Tuesday, July 05, 2011

“Teacher Grades: Pass or Be Fired”

Here's a front-page story in today's NYT that's actually, by and large, a thoughtful and balanced look at the Impact teacher evaluation system that Michelle Rhee set up in DC, designed and run by TFA alum and National Teacher of the Year, Jason Kamras.  My main problem with it is the silly, inflammatory headline, "Teacher Grades: Pass or Be Fired".

165 Washington teachers were fired last year based on a pioneering evaluation system that places significant emphasis on classroom observations; next month, 200 to 600 of the city's 4,200 educators are expected to get similar bad news, in the nation's highest rate of dismissal for poor performance.

The evaluation system, known as Impact, is disliked by many unionized teachers but has become a model for many educators. Spurred by President Obama and his $5 billion Race to the Top grant competition, some 20 states, including New York, and thousands of school districts are overhauling the way they grade teachers, and many have sent people to study Impact.

Its admirers say the system, a centerpiece of the tempestuous three-year tenure of Washington's former schools chancellor, Michelle Rhee, has brought clear teaching standards to a district that lacked them and is setting a new standard by establishing dismissal as a consequence of ineffective teaching.

But some educators say it is better at sorting and firing teachers than at helping struggling ones; they note that the system does not consider socioeconomic factors in most cases and that last year 35 percent of the teachers in the city's wealthiest area, Ward 3, were rated highly effective, compared with 5 percent in Ward 8, the poorest.

A few comments:


- The fact that the system has found that "35 percent of the teachers in the city's wealthiest area, Ward 3, were rated highly effective, compared with 5 percent in Ward 8, the poorest" isn't evidence that the system is wrong – it's simply revealing what anyone who knows anything knows: "good" schools (with the richest, whitest kids) get the best teachers and schools serving the most disadvantaged kids – the ones who need great teachers to have any chance in life – instead get the worst.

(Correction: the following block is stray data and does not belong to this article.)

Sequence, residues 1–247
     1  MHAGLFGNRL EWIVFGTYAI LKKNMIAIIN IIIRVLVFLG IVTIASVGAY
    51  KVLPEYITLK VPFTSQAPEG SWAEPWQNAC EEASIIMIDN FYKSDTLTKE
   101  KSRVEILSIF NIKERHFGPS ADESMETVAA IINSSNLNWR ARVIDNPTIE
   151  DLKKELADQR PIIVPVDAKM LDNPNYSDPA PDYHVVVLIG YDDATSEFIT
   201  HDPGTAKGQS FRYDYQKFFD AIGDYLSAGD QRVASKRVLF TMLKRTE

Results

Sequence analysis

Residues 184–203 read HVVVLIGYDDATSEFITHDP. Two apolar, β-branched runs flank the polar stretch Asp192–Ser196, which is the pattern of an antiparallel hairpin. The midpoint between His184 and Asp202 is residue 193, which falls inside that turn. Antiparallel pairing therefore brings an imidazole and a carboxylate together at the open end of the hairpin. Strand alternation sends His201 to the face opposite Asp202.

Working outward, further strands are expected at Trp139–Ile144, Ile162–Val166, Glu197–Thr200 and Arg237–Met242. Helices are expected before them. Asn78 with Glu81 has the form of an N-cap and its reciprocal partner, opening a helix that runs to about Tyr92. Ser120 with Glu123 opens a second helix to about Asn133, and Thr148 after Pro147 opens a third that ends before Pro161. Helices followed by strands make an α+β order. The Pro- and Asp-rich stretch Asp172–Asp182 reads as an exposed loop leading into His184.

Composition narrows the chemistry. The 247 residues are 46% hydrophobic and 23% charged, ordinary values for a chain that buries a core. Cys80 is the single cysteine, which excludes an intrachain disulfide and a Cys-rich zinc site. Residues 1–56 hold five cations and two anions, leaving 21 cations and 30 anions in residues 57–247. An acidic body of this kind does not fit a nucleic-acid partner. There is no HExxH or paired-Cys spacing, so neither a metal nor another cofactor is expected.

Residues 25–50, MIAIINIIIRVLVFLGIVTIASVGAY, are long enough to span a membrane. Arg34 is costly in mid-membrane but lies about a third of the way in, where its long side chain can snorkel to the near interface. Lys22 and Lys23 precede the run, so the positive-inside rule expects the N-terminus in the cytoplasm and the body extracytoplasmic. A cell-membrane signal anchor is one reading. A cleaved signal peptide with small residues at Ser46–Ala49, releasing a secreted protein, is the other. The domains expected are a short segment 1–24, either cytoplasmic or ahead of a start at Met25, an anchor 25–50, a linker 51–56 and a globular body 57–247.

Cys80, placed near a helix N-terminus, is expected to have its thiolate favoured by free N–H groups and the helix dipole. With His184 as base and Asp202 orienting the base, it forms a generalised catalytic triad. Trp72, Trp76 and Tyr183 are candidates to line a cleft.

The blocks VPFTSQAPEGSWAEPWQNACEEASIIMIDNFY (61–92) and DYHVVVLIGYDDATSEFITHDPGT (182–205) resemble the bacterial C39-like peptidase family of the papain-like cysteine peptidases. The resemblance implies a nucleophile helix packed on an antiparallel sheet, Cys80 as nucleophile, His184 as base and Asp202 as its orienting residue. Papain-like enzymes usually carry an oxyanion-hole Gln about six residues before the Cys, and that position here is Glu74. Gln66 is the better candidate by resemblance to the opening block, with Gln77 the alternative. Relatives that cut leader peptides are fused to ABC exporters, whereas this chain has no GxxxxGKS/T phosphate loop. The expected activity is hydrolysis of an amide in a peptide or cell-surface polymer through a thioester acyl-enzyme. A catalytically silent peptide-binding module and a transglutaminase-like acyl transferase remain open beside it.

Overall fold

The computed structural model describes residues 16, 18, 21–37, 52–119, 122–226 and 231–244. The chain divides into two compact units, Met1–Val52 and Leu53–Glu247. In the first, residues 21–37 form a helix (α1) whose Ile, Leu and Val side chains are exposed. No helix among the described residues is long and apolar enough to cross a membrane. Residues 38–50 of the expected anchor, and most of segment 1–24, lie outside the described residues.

- This is exactly right, one of many measures needed to draw better teachers to tougher schools: "Washington's compensation system offers bigger bonuses ($25,000 versus $12,500) and salary enhancements in high-poverty schools"


- Gee, what a shocker that a lousy teacher thinks Impact is unfair:

Another teacher who expects to lose her job next month because of low ratings said at a public hearing that evaluators picked apart her seventh-grade geography lessons, making criticisms she considered trivial. During the most recent observation, her evaluator subtracted points because she had failed to notice a girl eating during class, the teacher said.

"I'm 25 years in the system, and before, I always got outstanding ratings," she said. "How can you go overnight from outstanding to minimally effective?"

The fact that this teacher got "outstanding" (let's be honest: "satisfactory") ratings for so many years simply highlights the outrageous absurdity that 99% of teachers everywhere are rated satisfactory, even when NO LEARNING is going on in the schools.


I don't know this teacher of course – maybe the Impact system did evaluate her unfairly, which raises an important question: no system is perfect – this is why I oppose the death penalty, because I'm not willing to accept even 1 innocent person being executed for every 99 guilty people who are – so what error rate are we willing to accept?  In the case of the ultimate penalty, I won't accept even a 1% error rate, but I'm certainly willing to accept getting rid of 99 horrible teachers, even if I knew that 1 good teacher would be unfairly fired.  I'd feel badly about that teacher, but he/she could surely get another job, if he/she is a good teacher – and even if this wasn't the case, the good for students of removing 99 horrible teachers far outweighs in my mind that harm to 1 teacher.  But what if the error rate were 5%?  10%?  20%?


These are tough questions, with no easy answers, made harder by the fact that NOBODY knows what the actual error rate of Impact (or any other system) really is.  My instinct is less than 10%, but I can't say for sure that that number is right.  But I do know for sure that the answer Randi, Ravitch, Strauss, etc. would give – 0% or at least less than 1% – is wrong.  They view everything through the lens of teachers/adults, so they consistently come up with the wrong answers for kids.


Teacher Grades: Pass or Be Fired

Published: June 27, 2011


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